However, there were significant differences in the activation of areas related to motor imagery (what they imagine themselves doing). These participants were imagining themselves manipulating and transforming the materials they were required to visualize. They imagined themselves performing actions, building and moving, which involves kinaesthetic perceptual representations.
The phenomenological data that was gathered before, during and after the brain imaging acquisition has not been published before. These data comprise the phenomenological description of their own creative process, and the phenomenological description of their experience answering the TTCT verbal tasks during the SPECT.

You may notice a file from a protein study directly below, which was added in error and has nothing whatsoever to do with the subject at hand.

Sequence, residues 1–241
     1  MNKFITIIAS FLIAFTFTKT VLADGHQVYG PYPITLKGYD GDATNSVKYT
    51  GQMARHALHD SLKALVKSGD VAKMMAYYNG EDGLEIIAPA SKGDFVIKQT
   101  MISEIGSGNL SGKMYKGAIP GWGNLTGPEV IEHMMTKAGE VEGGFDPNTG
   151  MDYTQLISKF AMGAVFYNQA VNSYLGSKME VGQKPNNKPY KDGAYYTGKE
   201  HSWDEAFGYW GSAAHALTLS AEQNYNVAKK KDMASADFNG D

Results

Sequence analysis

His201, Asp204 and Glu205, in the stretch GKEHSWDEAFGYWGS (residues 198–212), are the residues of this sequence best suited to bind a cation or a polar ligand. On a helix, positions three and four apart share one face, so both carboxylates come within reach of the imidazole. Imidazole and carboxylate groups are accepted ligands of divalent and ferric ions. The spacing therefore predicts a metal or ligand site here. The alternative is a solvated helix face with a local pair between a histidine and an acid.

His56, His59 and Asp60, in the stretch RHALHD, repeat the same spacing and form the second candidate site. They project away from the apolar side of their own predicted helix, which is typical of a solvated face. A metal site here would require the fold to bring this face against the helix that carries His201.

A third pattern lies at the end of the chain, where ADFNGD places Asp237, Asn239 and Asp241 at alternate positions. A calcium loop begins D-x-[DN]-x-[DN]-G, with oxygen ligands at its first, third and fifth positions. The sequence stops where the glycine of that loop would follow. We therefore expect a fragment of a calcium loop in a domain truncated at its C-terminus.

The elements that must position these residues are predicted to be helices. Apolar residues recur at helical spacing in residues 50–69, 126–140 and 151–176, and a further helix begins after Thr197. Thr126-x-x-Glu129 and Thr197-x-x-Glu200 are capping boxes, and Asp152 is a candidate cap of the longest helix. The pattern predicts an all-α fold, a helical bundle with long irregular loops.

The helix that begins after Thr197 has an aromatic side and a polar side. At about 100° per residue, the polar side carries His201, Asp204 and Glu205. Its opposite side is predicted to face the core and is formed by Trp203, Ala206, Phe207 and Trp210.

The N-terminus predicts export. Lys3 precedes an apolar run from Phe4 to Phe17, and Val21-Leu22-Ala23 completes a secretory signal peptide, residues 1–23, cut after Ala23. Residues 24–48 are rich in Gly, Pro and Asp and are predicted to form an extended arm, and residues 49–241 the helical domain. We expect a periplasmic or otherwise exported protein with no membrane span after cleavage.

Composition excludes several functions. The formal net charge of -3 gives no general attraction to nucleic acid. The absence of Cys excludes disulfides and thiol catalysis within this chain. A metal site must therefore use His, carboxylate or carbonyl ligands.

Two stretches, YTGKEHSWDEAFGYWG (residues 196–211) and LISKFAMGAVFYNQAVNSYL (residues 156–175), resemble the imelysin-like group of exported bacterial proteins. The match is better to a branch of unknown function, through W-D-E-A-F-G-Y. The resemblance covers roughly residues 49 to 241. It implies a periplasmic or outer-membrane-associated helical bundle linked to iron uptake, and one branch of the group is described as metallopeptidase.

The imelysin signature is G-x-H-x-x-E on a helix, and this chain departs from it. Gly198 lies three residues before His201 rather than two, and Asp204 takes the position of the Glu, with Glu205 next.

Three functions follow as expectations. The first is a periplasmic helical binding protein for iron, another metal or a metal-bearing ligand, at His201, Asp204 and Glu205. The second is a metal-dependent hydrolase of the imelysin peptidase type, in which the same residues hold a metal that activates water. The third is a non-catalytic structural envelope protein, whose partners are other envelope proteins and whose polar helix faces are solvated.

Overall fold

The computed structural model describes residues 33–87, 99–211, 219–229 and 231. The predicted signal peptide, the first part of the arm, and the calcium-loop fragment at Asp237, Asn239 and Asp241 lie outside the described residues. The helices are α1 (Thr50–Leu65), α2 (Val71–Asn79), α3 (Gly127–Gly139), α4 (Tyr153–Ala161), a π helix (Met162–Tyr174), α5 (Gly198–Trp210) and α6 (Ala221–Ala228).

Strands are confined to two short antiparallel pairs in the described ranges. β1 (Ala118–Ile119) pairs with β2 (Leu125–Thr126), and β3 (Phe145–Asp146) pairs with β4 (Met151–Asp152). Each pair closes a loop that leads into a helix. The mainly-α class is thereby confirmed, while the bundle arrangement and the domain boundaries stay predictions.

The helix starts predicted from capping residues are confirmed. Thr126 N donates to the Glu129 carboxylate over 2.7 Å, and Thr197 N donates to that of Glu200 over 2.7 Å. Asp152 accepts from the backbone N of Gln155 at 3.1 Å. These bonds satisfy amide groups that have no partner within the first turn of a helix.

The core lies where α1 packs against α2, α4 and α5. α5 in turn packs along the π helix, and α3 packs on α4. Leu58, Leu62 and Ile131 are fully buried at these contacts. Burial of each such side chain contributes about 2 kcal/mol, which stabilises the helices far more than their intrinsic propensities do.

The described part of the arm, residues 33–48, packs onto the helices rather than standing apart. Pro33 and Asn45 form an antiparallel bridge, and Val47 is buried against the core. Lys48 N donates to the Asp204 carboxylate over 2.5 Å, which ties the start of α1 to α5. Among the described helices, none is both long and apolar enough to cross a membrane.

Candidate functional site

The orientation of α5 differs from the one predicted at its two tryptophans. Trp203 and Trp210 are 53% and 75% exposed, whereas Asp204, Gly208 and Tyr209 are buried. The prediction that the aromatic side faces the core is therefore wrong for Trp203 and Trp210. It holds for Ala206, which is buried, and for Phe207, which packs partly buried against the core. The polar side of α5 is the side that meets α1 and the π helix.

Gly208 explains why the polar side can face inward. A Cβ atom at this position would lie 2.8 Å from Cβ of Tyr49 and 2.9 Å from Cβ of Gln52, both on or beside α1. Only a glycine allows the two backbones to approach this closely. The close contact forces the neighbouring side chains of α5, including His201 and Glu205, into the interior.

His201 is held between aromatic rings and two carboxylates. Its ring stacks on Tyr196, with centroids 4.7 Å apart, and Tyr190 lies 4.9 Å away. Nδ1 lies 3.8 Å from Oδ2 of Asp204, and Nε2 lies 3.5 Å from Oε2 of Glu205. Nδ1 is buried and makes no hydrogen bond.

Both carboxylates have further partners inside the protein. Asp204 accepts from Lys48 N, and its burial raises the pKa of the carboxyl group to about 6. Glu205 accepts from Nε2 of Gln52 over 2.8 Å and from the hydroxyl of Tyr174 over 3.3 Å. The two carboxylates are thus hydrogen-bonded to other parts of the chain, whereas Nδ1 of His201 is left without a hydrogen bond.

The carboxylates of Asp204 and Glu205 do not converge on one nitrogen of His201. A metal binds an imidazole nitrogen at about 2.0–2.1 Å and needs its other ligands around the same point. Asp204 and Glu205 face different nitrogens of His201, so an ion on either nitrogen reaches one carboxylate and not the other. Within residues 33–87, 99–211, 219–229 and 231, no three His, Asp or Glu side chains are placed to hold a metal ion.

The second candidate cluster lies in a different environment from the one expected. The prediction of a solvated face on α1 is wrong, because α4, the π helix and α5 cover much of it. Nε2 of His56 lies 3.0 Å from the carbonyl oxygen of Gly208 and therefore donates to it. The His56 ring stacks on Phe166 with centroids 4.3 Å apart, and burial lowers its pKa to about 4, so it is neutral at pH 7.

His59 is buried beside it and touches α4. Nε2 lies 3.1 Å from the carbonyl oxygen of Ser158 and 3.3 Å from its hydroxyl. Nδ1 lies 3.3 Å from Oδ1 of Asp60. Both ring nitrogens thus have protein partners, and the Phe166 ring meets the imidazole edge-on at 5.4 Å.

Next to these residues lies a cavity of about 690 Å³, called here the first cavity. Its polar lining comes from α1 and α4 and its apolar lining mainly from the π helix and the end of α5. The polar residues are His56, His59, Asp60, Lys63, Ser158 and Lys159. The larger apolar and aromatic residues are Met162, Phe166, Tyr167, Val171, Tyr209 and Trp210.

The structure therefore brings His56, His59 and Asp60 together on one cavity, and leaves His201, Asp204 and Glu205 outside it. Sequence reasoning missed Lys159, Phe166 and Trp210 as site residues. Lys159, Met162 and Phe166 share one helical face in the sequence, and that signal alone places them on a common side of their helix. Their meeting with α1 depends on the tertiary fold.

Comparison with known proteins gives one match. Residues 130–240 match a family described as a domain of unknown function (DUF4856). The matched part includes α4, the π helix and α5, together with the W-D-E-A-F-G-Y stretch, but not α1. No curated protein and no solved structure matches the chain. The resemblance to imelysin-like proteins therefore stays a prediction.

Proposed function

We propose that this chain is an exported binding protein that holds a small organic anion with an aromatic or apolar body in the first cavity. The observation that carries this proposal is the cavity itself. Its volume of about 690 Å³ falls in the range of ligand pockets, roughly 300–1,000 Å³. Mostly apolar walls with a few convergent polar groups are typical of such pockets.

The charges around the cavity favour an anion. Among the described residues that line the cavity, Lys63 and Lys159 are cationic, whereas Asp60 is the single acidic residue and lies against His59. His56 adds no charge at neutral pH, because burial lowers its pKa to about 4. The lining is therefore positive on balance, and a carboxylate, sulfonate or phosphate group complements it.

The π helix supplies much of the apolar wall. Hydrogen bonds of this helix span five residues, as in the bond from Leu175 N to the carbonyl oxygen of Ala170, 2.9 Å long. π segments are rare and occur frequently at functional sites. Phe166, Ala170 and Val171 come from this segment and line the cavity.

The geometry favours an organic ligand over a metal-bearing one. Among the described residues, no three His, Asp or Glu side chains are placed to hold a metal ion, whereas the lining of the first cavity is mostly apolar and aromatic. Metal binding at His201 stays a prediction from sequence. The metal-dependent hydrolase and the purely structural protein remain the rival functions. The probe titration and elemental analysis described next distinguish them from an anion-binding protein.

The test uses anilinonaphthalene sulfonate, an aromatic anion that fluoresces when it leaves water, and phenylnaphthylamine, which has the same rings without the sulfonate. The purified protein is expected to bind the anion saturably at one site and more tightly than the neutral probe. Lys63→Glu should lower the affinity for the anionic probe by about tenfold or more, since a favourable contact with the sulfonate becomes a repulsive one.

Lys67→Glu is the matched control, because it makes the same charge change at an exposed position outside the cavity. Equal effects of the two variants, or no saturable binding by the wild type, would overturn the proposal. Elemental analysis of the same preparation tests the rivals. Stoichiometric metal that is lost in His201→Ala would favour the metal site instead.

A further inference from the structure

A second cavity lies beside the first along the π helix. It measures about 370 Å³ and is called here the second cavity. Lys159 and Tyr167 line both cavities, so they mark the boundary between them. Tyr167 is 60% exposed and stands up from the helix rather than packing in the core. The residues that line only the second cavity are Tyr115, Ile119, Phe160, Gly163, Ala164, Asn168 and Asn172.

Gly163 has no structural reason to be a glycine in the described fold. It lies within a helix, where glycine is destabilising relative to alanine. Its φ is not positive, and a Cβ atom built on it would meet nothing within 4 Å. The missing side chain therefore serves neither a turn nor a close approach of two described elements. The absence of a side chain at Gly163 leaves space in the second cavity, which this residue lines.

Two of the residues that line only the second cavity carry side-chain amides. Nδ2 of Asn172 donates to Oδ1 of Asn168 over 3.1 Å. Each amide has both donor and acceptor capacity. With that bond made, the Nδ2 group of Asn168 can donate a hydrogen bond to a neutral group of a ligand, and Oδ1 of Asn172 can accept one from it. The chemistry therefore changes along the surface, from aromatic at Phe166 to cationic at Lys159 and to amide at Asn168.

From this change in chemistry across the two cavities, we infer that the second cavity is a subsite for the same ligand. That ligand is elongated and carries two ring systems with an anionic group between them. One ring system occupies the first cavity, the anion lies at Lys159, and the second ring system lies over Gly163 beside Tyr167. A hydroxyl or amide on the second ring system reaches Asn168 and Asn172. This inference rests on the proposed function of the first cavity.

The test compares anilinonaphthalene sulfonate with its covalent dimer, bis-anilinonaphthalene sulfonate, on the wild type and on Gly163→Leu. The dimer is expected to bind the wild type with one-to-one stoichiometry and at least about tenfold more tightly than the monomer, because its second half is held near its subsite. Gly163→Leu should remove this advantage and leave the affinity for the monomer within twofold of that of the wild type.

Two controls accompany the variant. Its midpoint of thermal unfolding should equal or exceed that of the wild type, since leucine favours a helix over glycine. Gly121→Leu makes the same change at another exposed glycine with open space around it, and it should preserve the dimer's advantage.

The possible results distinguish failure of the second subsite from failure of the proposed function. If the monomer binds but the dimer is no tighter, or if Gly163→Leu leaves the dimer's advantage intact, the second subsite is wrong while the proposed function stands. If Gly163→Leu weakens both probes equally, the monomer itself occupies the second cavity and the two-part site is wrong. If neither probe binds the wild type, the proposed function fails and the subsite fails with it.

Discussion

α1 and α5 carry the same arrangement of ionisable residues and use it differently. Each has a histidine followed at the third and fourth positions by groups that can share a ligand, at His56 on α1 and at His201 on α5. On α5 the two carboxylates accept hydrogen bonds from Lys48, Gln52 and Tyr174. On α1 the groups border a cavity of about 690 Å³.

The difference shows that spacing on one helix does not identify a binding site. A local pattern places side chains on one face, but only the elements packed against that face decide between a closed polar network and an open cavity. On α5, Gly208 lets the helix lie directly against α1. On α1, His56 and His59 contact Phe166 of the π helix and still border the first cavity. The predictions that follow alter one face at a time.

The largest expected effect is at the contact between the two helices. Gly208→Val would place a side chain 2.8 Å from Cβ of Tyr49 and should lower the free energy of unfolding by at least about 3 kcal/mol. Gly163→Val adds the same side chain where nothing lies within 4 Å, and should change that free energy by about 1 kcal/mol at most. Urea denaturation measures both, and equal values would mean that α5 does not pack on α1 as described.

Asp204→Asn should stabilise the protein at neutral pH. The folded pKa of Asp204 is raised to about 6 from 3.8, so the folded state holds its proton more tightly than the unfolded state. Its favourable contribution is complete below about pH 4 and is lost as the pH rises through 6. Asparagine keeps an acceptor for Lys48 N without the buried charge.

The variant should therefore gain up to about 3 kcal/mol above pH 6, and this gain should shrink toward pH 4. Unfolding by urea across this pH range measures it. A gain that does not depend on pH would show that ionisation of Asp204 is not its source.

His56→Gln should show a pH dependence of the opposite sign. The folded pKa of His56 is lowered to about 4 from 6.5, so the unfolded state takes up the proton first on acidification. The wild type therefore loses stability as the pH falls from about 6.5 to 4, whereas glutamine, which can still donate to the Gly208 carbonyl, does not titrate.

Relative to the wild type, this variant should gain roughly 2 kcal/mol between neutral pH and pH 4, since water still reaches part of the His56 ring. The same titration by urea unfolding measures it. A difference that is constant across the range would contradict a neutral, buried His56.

Phenomenological Descriptions of their Creative Process: The participants were interviewed using an open ended questionnaire ad hoc that started with the question: “Describe the moment when you felt the most Creative.” Highly creative individuals reported vivid imagery as a key component of their creative process, regardless the domain. Artists, writers, composers, and even scientist often developed their works from the sudden presentation of imagery, which will be named here as a primordial imagery: a sudden, multimodal, multiintegrative, highly condensed representation that is germinative, unleashing insight and multiple associations and possibilities for meaning. Followed by further engagement, evoking more detail or related images, sensations, sounds, smells, and/or actions, triggering new associations. Their creative process at early stages involved creating a narrative to represent and/or understand these imagery contents. For instance, a writer described how an image popped up in his head almost like a dream while being awake, and from there he began to wonder what else. Imagining and describing. Some composers had visual representations within their minds and used musical sounds as the medium to narrate these images. Others had sudden auditory primordial imagery and they continued threading sounds from there. One painter said that painting from life was just the training to be able to paint internal images that popped in her mind like sudden visions. She often completed the painting it in her mind before attempting to represent it in the canvas, nonetheless, representation always fails and the actual painting is always a bridge, a compromise between the primordial imagery and what can be represented. Perhaps the following description will be striking, since it was communicated by a molecular biologist: I was in the train. Coming into a tunnel. And there was a curve. Looking at how the train was coming into the tunnel and the light around it brought to my mind the clear image of the receptors binding. And I was able to see the mechanism that I had not been able to decipher before. I was seeing my self in the lab with results. I wrote then the main part of the paper and the discussion. I just went to the lab to prove it. I became famous for that, but I didn’t think the editors would have allowed me to describe this process in the methodology; how I had first envisioned the results vividly in my mind.